The Grim Sleeper was a moniker coined by the LA Weekly newspaper in 2008 in reference to a real-life serial killer who was being sought for murders going back to 1985. In July 2010 Lonnie Franklin Jr. was arrested. The case took on aspects that were very similar to cases worked by both Mickey Haller and Harry Bosch.
- Franklin lived in Los Angeles and killed women (mainly African American) on the fringe of society, such as addicts and prostitutes, similar to Norman Church. His killings were combination murder/rape.
- He had many prior arrests and convictions, similar to Chilton Hardy.
- There is a single victim who survived an attack by Franklin, and she was able to provide some information to police, as in the Church case. In Franklin's case it would take another 20 years for him to be caught.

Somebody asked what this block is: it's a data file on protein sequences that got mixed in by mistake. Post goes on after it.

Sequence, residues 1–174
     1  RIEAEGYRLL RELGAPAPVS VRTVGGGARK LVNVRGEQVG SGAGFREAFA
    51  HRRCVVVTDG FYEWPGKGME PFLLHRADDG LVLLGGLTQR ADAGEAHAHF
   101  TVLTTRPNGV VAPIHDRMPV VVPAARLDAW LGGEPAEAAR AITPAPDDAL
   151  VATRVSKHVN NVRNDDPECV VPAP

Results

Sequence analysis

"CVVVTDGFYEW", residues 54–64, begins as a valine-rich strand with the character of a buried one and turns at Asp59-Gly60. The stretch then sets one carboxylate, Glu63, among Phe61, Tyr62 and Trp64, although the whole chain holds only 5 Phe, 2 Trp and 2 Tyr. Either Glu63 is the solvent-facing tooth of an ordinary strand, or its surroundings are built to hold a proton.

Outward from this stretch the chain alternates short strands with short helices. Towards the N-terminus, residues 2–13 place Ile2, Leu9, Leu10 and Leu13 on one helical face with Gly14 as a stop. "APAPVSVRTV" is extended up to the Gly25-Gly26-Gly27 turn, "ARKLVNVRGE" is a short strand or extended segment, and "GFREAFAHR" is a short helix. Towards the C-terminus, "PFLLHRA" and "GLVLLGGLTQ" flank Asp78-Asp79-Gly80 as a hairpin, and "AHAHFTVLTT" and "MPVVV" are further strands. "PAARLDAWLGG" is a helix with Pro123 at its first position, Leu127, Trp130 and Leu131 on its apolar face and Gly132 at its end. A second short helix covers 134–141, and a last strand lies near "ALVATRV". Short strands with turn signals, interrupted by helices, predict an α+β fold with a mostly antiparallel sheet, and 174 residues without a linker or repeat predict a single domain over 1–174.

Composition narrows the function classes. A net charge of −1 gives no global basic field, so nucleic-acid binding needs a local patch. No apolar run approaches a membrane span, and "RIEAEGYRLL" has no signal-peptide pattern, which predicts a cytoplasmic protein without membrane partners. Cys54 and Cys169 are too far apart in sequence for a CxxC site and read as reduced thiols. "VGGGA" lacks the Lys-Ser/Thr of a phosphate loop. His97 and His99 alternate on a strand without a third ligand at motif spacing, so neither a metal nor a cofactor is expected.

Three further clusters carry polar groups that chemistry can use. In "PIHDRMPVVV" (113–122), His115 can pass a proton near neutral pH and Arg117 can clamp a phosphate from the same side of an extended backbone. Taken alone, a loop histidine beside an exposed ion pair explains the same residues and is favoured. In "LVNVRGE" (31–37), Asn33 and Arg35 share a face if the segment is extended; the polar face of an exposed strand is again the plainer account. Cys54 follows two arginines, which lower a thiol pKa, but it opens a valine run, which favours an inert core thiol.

- He disposed of many bodies in dumpsters (as with Bosch's mother) and kept souvenirs from his victims, such as jewelry.
- Franklin kept a collection of 500 photographs of his victims and other women, similar to Chilton Hardy. This is the characteristic that warranted mention of the Grim Sleeper in The Drop.
- An attorney represented Franklin pro bono, as Haller did for both Jesus Menendez and Lisa Trammel. The attorney even looks a bit like Haller.
- DNA evidence played a crucial role in the case.
- The prosecution and defense clashed in court regarding the admissibility of evidence and similar issues, just as in Trammel's murder trial.
- Franklin's defense attorney pursued a "straw man" defense, arguing that the real killer had not been caught, just as Haller did in Trammel's trial.
- While in jail, Franklin was attacked by another inmate in a manner similar to Clayton Pell, although Franklin was not castrated.
Unlike Haller's cases, this trial dragged on for over six years. On 5 May 2016 Franklin was found guilty on ten counts of murder. Police estimate that he may have killed 25 times or more. On 8 August 2016 he was sentenced to death.